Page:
Drivers were focused on driving. When my Mom drove, she was not on her smartphone, eating or drinking coffee. She was looking at the road and had two hands on the wheel, unless she was shifting gears or trying to pinch us for fighting in the back seat. But even when she attempted to pinch, she always looked at the road in front of her (luckily for us, as it made her accuracy poor).

Wipes don't just work on baby bums -- they can keep your kids and car cleaner.

Wipes don’t just work on baby bums — they can keep your kids and car cleaner.

Alas, those were the days. But reminiscing about the past will do very little to change our current busy lifestyle or help us keep our car clean in 2013 and beyond. Instead, I thought I’d ask my girls, age 8, what they would suggest parents and kids should do to keep the family vehicle tidy:

“Keep wipes in there for when your sister spills stuff in there. She’s a very messy eater” – J (“I am NOT!” – V)

“It’s better to take your shoes off when you are in the car, because Mom won’t get mad when you put your foot on the armrest if you’re wearing socks” – V

“They are always saying to keep our soccer shoes off the seat. Maybe it’s a good idea.” – V

“Don’t bring sticky drinks into the car just in case you spill.  Pretty much everything we spill is sticky, so maybe just bring water.” – J

Not to be outdone by the wise children, below are our own tips on how you can keep your family car’s interior looking good:

When possible, choose leather interiors. if you can afford to get leather seats, do it. Heaven knows kids are masters at making messes in the back of your car, and cloth interiors are MUCH harder to clean. In the last 8 years, I have cleaned a variety of spills from our car’s interior (worst offender: my own protein shake which spilled on my lap after a Toyota cut me off. Mea culpa!). Spills have fared far better on our leather interior.

Cover your backs. Spend a few bucks on slip-on seat back covers to protect your car from little feet. These match your car’s interior and are easily removed for washing. Britax makes a set for less than $16.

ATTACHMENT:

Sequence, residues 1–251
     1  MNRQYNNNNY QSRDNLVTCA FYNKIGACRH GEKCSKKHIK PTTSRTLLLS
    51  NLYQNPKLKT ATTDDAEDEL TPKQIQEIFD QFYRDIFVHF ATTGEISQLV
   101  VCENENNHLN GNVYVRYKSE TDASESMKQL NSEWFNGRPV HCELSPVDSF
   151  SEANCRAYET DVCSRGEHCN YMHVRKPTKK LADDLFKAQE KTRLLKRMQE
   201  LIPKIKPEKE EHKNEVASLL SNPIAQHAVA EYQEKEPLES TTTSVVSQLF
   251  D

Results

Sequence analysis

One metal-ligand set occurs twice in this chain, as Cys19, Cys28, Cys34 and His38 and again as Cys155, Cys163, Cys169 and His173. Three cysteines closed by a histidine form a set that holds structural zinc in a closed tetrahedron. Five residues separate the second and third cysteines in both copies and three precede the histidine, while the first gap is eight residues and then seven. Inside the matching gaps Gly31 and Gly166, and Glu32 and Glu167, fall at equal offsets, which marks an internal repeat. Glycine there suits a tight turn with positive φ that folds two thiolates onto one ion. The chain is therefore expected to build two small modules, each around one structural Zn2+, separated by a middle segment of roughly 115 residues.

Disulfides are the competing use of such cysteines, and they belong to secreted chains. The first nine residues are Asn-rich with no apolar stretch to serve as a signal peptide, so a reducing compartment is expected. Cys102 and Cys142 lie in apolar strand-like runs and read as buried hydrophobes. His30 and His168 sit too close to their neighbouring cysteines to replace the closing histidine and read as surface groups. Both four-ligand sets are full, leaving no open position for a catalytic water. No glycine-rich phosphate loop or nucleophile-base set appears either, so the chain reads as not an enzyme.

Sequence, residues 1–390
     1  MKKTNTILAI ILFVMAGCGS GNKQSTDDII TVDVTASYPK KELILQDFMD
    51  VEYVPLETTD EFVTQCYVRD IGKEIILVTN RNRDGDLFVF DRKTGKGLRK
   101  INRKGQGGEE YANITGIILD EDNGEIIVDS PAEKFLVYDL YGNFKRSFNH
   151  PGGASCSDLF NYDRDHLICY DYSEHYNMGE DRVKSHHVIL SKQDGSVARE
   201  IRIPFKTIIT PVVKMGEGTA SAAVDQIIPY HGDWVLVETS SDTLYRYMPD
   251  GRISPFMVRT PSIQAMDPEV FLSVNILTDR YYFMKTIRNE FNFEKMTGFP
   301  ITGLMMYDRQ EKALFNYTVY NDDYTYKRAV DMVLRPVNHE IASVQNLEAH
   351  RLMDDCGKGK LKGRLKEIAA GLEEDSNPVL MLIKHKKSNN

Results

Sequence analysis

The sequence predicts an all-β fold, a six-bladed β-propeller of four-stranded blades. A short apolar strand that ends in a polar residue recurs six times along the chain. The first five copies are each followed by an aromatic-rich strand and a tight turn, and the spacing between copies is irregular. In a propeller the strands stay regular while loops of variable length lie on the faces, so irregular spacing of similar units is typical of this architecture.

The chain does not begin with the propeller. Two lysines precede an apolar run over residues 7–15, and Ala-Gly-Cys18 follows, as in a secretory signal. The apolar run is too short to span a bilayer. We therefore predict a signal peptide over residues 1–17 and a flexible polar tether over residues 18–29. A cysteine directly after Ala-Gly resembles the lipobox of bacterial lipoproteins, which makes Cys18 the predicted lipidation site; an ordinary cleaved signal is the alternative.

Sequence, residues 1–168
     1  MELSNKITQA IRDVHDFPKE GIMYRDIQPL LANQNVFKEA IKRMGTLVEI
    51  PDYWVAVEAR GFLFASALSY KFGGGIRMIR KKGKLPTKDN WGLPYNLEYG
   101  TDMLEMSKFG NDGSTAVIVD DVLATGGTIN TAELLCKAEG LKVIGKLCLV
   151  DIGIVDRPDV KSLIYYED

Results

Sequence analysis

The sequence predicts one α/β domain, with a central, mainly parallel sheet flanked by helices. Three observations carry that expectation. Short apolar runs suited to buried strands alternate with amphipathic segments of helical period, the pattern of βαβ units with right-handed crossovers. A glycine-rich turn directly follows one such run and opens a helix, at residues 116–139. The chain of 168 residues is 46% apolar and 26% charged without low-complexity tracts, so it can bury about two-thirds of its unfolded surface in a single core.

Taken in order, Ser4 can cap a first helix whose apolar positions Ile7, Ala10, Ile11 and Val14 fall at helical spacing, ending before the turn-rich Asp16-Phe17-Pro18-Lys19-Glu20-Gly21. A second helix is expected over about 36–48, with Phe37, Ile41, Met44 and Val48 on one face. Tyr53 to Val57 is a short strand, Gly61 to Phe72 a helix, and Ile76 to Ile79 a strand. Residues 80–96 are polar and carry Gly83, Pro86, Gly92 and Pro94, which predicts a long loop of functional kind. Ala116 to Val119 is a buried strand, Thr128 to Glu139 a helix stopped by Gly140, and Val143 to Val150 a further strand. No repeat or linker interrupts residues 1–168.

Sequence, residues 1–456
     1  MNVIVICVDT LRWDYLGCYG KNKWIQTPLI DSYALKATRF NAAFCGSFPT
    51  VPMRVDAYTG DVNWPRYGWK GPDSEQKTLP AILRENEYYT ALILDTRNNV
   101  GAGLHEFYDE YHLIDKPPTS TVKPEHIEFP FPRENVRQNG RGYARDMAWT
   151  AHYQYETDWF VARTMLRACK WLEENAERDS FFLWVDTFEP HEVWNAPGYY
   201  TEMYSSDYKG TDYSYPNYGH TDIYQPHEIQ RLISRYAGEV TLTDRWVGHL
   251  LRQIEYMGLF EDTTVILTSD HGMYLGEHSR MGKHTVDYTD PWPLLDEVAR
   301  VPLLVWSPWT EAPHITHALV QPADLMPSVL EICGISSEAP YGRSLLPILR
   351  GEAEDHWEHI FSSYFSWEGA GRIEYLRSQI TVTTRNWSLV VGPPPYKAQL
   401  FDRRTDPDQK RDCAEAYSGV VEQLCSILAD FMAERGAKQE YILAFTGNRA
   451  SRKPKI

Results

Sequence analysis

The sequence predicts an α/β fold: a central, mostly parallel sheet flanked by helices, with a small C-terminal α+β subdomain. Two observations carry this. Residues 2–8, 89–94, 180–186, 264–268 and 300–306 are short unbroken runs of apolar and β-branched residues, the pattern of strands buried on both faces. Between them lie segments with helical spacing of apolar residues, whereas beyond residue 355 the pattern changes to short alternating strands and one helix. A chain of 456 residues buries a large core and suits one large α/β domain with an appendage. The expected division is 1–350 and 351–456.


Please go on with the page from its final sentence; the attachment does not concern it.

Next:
A trunk liner will save your trunk and sanity.

A trunk liner will save your trunk and sanity.

Get a trunk liner. WeatherTech most likely makes a plastic trunk liner for the car you drive, so order one and stick it in the trunk. We put all of the kids items – soccer cleats, instruments, bathing suits, etc. back there, along with my yoga mats and grocery bags, and if (or when) there are any spills or mud, the liner gets pulled out and hosed down.

Invest in a car organizer for your trunk, and keep kids’ items back  there. Various bags and sports equipment can scratch and soil your car’s interior. We invested in two large organizer totes for the car. Now, instead of tossing things all over the (lined) trunk, every family member has their own little space. We love our affordable trunk organizers from Thirty-One, which can be personalized with family members’ initials. Bonus: when you hear the dreaded “MOM! Where is my…” you will know the answer.

Clean your car monthly, and make your kids help. I know the last thing you want to do is add one more task to the to-do list, but trust me on this one. If you clean out your car monthly, it will never get to the point where you dread driving it. And if you insist your kids help, you’ll have a cleaner ride for everyone, and you will be teaching your kids to love and respect your family property, and cars in general. Talk about win-win!

* Before the outcry over leaving two, unbuckled toddlers unsupervised in the back of a 911 while you run into a store starts, I’d like to remind you this was 1975 Costa Rica, where riding cars unrestrained and unbuckled and running around unsupervised was the norm. As Mom is fond of saying, “you’re still here, aren’t you?”